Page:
Aaron Gertler
Oct 29, 2017 rated it it was amazing
Reminds us of things we know but very often forget, or maybe never thought about. A flawed book, but flawed in that it makes bold proposals that will take a very long to happen in some places and will never happen in others (but then, many books are like that). And of course, there are sentences in this book I've have trimmed as an editor (like the sentence where Brennan brags about his IAT results) and terms I'd have asked him to define (what really constitutes "basic social science knowledge", ...more
Nov 05, 2017 rated it really liked it
Shelves: 2017, kindle, non-fiction
Would you let anyone who want to do so don a white coat and operate on your body? Probably not, but most people are perfectly happy when people with demonstrably very little knowledge about how a country works decide how their country should be run, albeit in a rather indirect manner.
Brennan's argument is fairly simple - Most people score lower than randomness when asked about fairly simple political questions. (For example - a majority of US voters believe that the US foreign aid budget represe
Oct 09, 2017 rated it really liked it
This is scholarly political philosophy, which means that it's interesting reading, but unlikely to ever be implemented, at least not in our lifetimes, since it would require a major overhaul of the Constitution. An epistocracy, which Brennan argues for, is rule by the informed, knowledgeable, and competent, with the goal of achieving justice and happy lives for everyone. Democracy will never achieve such goals, because it allows everyone to vote, and so long as that's the law of the land, we wil ...more
May 29, 2017 rated it liked it
This topic is extremely interesting and it is nice to have your ideas challanged, I certainly have never thought about the alternatives to democracy presented in this book (I have nothing to do with political theory in my everyday life). Yet, it doesn't quite catch my interest in the way that I thought it would. The book first presents a number of reasons why democracy (in the sense of a single vote per adult) is suboptimal, which are well argued for and backed by credible (as far as I can tell) ...more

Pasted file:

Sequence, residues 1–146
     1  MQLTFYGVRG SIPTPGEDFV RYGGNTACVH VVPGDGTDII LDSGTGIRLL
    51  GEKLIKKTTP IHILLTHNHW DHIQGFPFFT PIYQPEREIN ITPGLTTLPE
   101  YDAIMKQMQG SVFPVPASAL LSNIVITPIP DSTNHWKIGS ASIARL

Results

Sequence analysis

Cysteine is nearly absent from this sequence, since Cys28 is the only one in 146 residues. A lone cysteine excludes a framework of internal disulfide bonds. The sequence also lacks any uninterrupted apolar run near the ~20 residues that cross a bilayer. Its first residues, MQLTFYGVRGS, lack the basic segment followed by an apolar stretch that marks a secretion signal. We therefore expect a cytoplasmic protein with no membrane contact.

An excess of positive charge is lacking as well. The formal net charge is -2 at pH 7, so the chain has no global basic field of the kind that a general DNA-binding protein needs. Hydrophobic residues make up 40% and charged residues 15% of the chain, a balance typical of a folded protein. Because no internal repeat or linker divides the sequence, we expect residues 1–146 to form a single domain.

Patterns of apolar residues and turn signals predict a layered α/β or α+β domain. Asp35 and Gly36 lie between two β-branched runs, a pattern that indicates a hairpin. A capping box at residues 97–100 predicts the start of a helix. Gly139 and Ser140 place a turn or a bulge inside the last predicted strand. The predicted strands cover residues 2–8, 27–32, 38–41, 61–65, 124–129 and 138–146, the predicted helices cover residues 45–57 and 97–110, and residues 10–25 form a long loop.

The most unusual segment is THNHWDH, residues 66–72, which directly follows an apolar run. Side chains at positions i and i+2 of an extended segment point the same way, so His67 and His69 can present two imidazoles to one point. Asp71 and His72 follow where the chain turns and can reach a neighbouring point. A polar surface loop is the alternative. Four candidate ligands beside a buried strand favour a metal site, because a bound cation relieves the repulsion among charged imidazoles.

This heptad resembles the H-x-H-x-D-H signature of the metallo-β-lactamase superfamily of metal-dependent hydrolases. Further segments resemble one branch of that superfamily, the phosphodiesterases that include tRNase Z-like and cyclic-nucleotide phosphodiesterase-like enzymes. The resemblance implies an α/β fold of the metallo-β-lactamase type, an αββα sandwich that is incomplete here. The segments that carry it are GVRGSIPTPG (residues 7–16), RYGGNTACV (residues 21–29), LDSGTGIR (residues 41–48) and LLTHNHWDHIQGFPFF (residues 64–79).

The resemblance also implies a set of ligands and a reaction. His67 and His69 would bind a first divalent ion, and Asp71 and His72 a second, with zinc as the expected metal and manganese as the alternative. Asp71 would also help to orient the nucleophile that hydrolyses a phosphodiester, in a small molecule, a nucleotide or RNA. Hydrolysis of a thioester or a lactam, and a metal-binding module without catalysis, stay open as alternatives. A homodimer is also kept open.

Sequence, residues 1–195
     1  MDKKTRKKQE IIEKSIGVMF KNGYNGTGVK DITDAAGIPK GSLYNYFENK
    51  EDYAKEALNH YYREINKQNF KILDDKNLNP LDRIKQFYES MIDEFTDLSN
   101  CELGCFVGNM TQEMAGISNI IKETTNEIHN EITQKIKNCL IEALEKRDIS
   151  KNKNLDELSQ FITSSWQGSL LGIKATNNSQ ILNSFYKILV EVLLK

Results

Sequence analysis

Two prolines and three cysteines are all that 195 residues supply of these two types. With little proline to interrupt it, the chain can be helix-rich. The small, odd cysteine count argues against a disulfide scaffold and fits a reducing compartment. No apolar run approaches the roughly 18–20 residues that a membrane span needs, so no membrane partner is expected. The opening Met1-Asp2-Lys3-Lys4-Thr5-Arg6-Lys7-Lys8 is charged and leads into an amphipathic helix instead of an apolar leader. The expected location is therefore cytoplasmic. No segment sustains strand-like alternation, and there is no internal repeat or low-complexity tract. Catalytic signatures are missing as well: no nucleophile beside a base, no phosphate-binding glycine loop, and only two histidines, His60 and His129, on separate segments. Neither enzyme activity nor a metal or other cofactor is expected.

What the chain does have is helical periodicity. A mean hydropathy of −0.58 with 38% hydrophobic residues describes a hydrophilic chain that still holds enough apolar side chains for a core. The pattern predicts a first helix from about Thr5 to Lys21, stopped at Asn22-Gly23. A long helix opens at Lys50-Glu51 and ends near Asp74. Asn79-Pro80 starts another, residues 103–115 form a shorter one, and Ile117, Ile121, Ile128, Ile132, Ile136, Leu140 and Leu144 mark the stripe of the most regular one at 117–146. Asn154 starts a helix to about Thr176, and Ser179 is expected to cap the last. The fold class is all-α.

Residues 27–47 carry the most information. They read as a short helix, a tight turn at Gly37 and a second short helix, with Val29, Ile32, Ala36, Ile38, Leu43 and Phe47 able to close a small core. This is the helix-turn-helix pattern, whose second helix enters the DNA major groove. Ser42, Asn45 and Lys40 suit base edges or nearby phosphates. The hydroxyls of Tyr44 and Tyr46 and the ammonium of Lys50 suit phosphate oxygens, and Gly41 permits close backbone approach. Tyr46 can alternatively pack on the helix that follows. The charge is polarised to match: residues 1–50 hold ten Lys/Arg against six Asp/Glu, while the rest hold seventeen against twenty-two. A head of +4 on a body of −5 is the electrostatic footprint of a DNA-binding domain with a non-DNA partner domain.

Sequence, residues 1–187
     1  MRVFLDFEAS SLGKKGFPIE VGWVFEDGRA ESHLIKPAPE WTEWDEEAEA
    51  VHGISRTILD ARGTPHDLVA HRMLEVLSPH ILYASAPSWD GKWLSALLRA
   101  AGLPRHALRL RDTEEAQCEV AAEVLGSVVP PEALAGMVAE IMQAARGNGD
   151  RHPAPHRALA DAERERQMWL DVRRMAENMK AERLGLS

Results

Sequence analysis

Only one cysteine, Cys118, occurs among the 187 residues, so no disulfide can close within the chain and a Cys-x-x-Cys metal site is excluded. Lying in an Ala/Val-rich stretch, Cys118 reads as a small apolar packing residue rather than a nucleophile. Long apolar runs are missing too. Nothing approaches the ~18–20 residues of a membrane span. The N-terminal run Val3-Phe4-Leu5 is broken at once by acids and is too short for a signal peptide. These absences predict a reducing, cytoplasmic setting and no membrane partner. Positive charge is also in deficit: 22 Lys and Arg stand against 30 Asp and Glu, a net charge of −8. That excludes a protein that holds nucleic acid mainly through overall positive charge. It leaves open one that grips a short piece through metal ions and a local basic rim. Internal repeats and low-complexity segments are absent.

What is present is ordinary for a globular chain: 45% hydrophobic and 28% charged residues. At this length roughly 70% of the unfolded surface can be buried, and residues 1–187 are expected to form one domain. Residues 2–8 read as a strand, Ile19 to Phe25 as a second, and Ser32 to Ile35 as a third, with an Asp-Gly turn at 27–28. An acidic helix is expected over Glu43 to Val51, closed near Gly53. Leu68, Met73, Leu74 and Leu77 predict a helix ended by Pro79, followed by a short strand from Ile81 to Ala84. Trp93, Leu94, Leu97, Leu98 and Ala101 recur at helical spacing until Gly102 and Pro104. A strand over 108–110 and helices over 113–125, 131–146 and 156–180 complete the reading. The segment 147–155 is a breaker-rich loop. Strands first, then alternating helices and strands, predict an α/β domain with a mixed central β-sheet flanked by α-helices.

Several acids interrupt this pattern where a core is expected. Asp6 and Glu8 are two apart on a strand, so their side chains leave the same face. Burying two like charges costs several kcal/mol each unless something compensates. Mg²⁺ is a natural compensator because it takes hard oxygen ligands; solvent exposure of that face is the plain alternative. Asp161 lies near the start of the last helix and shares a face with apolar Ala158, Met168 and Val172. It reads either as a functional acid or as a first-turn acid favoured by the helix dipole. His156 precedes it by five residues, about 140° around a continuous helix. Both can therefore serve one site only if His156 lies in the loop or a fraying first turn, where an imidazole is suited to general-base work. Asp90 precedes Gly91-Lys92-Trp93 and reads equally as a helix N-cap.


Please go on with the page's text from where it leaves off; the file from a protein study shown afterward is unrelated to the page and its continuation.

Aug 01, 2017 rated it really liked it
Jason may be a "prophet" considering recent political developments in the USA and other countries. His case for restricted suffrage/epistocracy is compelling given the nature of his evidence and related scenarios. I was skeptical when I saw his interview with Steve Paiken on our provincial public television network TVO, but I take his arguments much more seriously. What most people consider to be just in democracy may in fact not really be so. I plan to read more of his work, and those who follo ...more
My notes from the book:

Trump's support in the early primaries came from low information voters.

Trump won the nomination in part because the high information voters split their votes among the other nominees.

Asking everyone to vote is like asking everyone to litter.

John Stuart Mill---we should institute the type of government that gets the best results.

35% of voters are "know-nothings."

"A man is no less a slave because he is allowed to choose a new master once in a term of years." Herbert Spencer
Daniel Repp
Oct 06, 2018 rated it really liked it
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Jason Brennan is Assistant Professor of Ethics, Economics, and Public Policy at Georgetown University. He is the author of The Ethics of Voting and co-author of A Brief History of Liberty. He also writes for the popular blog Bleeding Heart Libertarians.
“Democracy does not empower individuals. It disempowers individuals and instead empowers the majority of the moment. In” 1 likes
“In civil society, most of my fellow citizens are my civic friends, part of a great cooperative scheme. One of the repugnant features of democracy is that it transforms these people into threats to my well-being. My fellow citizens exercise power over me in risky and incompetent ways. This makes them my civic enemies.” 1 likes